```
%load_ext autoreload
%autoreload 2
%matplotlib inline
%config InlineBackend.figure_format = 'retina'
```

# Neural Networks from Scratch

In this chapter, we are going to explore differential computing
in the place where it was most highly leveraged: the training of neural networks.
Now, as with all topics, to learn something most clearly,
it pays to have an *anchoring example* that we start with.

In this section, we'll lean heavily on linear regression as that *anchoring example*.
We'll also explore what gradient-based optimization is,
see an elementary example of that in action,
and then connect those ideas back to optimization of a linear model.
Once we're done there,
then we'll see the exact same ideas in action with a logistic regression model,
before finally seeing them in action again with a neural network model.

The big takeaway from this chapter is that basically all supervised learning tasks can be broken into:

- model
- loss
- optimizer

Hope you enjoy it! If you're ready, let's take a look at linear regression.

```
import jax.numpy as np
from jax import jit
import numpy.random as npr
import matplotlib.pyplot as plt
from ipywidgets import interact, FloatSlider
from pyprojroot import here
```

## Linear Regression

Linear regression is foundational to deep learning. It should be a model that everybody has been exposed to before in school.

A humorous take I have heard about linear models is that
if you zoom in enough into whatever system of the world you're modelling,
*anything* can basically look linear.

One of the advantages of linear models is its simplicity. It basically has two parameters, one explaining a "baseline" (intercept) and the other explaining strength of relationships (slope).

Yet one of the disadvantages of linear models is also its simplicity. A linear model has a strong presumption of linearity.

NOTE TO SELF: I need to rewrite this introduction. It is weak.

### Equation Form

Linear regression, as a model, is expressed as follows:

Here:

- The
**model**is the equation, y = wx + b. - y is the output data.
- x is our input data.
- w is a slope parameter.
- b is our intercept parameter.
- Implicit in the model is the fact that we have transformed y by another function, the "identity" function, f(x) = x.

In this model, y and x are, in a sense, "fixed",
because this is the data that we have obtained.
On the other hand, w and b are the parameters of interest,
and *we are interested in **learning** the parameter values for w and b
that let our model best explain the data*.

### Make Simulated Data

To explore this idea in a bit more depth as applied to a linear regression model, let us start by making some simulated data with a bit of injected noise.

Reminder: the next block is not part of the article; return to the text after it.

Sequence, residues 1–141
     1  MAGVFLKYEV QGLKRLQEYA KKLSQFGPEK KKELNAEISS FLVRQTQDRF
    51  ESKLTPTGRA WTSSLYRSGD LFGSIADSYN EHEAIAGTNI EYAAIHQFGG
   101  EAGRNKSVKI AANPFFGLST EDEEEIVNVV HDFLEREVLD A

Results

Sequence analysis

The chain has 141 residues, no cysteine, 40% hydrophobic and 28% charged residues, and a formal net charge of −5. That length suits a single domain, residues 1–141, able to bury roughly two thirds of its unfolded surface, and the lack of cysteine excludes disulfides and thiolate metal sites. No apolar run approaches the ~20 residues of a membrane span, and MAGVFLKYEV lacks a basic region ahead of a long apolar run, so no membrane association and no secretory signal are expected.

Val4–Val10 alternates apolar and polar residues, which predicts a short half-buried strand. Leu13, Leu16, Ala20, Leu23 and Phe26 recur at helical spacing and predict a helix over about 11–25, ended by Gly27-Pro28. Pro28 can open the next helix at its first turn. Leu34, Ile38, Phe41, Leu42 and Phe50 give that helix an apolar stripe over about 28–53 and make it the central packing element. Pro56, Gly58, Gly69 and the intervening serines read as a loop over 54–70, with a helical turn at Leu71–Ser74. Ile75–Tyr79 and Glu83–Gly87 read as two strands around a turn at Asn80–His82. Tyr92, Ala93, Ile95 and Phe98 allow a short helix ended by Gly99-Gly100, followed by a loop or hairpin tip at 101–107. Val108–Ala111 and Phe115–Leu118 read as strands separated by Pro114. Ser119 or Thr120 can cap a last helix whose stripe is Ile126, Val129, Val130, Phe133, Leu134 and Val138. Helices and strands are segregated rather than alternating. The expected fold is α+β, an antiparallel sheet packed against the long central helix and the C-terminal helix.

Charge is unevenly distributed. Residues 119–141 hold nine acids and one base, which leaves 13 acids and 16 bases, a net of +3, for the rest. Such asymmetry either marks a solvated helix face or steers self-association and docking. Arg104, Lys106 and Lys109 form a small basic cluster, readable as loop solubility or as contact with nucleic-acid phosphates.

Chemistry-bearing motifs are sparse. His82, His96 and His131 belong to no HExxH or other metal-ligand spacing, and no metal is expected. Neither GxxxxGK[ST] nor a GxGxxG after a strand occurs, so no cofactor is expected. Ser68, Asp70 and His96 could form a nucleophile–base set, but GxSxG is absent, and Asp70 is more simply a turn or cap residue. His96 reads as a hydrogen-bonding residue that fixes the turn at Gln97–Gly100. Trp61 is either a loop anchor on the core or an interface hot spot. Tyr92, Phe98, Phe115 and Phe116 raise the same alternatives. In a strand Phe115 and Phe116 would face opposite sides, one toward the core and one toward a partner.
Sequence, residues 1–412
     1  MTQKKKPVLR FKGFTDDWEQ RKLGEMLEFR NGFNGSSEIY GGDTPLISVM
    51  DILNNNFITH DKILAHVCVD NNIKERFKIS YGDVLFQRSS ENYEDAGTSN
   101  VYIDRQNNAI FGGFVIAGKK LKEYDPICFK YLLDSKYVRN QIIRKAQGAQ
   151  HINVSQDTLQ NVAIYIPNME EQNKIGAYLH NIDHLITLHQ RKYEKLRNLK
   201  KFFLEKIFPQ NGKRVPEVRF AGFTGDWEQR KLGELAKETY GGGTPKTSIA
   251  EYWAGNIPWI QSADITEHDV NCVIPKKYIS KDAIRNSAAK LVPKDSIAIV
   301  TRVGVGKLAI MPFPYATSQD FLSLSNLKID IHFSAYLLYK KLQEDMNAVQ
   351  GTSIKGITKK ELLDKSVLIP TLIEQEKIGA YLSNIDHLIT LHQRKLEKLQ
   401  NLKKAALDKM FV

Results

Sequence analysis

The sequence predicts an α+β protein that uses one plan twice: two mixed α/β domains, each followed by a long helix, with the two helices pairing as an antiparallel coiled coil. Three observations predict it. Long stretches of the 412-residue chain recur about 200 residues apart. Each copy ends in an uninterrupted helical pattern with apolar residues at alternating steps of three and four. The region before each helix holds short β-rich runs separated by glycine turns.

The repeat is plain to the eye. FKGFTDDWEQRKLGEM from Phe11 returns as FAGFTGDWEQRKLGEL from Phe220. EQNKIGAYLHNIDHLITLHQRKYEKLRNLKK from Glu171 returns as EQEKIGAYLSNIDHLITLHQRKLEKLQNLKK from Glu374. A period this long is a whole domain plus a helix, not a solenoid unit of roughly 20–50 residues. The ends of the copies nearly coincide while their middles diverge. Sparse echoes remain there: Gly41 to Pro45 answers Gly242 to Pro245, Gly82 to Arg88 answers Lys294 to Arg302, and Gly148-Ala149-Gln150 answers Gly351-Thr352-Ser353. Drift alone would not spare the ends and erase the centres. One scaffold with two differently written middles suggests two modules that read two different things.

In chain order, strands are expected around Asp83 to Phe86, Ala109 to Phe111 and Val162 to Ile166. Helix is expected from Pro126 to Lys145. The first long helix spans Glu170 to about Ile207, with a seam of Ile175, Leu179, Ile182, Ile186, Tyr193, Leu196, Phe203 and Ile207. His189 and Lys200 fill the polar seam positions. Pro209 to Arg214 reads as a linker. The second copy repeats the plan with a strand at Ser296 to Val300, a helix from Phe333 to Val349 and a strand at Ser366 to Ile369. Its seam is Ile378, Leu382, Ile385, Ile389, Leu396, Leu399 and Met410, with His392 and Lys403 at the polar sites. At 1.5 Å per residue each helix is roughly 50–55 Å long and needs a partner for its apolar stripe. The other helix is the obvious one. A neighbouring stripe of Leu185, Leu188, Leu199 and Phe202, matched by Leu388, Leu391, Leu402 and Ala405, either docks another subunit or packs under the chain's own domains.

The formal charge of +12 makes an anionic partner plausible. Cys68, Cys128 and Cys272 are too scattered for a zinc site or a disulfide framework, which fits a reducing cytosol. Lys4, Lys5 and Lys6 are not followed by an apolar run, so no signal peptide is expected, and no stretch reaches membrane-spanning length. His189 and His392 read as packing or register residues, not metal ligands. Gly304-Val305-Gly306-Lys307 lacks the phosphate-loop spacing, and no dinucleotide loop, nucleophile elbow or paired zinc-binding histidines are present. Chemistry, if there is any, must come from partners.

### Exercise: Simulate Data

Fill in `w_true`

and `b_true`

with values that you like, or else leave them alone and follow along.

```
from dl_workshop.answers import x, w_true, b_true, noise
# exercise: specify ground truth w as w_true.
# w_true = ...
# exercise: specify ground truth b as b_true
# b_true = ...
# exercise: write a function to return the linear equation
def make_y(x, w, b):
"""Your answer here."""
return None
# Comment out my answer below so it doesn't clobber over yours.
from dl_workshop.answers import make_y
y = make_y(x, w_true, b_true)
# Plot ground truth data
plt.scatter(x, y)
plt.xlabel('x')
plt.ylabel('y');
```

### Exercise: Take bad guesses

Now, let's plot what would be a very bad estimate of w and b.
Replace the values assigned to `w`

and `b`

with something of your preference,
or feel free to leave them alone and go on.

```
# Plot a very bad estimate
w = -5 # exercise: fill in a bad value for w
b = 3 # exercise: fill in a bad value for b
y_est = w * x + b # exercise: fill in the equation.
plt.plot(x, y_est, color='red', label='bad model')
plt.scatter(x, y, label='data')
plt.xlabel('x')
plt.ylabel('y')
plt.legend();
```

## Regression Loss Function

How bad is our model? We can quantify this by looking at a metric called the "mean squared error". The mean squared error is defined as "the average of the sum of squared errors".

"Mean squared error" is but one of many **loss functions**
that are available in deep learning frameworks.
It is commonly used for regression tasks.

Loss functions are designed to quantify how bad our model is in predicting the data.

### Exercise: Mean Squared Error

Implement the mean squred error function in NumPy code.

```
def mse(y_true: np.ndarray, y_pred: np.ndarray) -> float:
"""Implement the function here"""
from dl_workshop.answers import mse
# Calculate the mean squared error between
print(mse(y, y_est))
```

### Activity: Optimize model by hand.

Now, we're going to optimize this model by hand. If you're viewing this on the website, I'd encourage you to launch a binder session to play around!

```
import pandas as pd
from ipywidgets import interact, FloatSlider
import seaborn as sns
@interact(w=FloatSlider(value=0, min=-10, max=10), b=FloatSlider(value=0, min=-10, max=30))
def plot_model(w, b):
y_est = w * x + b
plt.scatter(x, y)
plt.plot(x, y_est)
plt.title(f"MSE: {mse(y, y_est):.2f}")
sns.despine()
```

## Loss Minimization

As you were optimizing the model, notice what happens to the mean squared error score: it goes down!

Implicit in what you were doing is gradient-based optimization.
As a "human" doing the optimization,
you were aware that you needed to move the sliders for w and b
in particular directions in order to get a best-fit model.
The thing we'd like to learn how to do now
is *to get a computer to automatically perform this procedure*.
Let's see how to make that happen.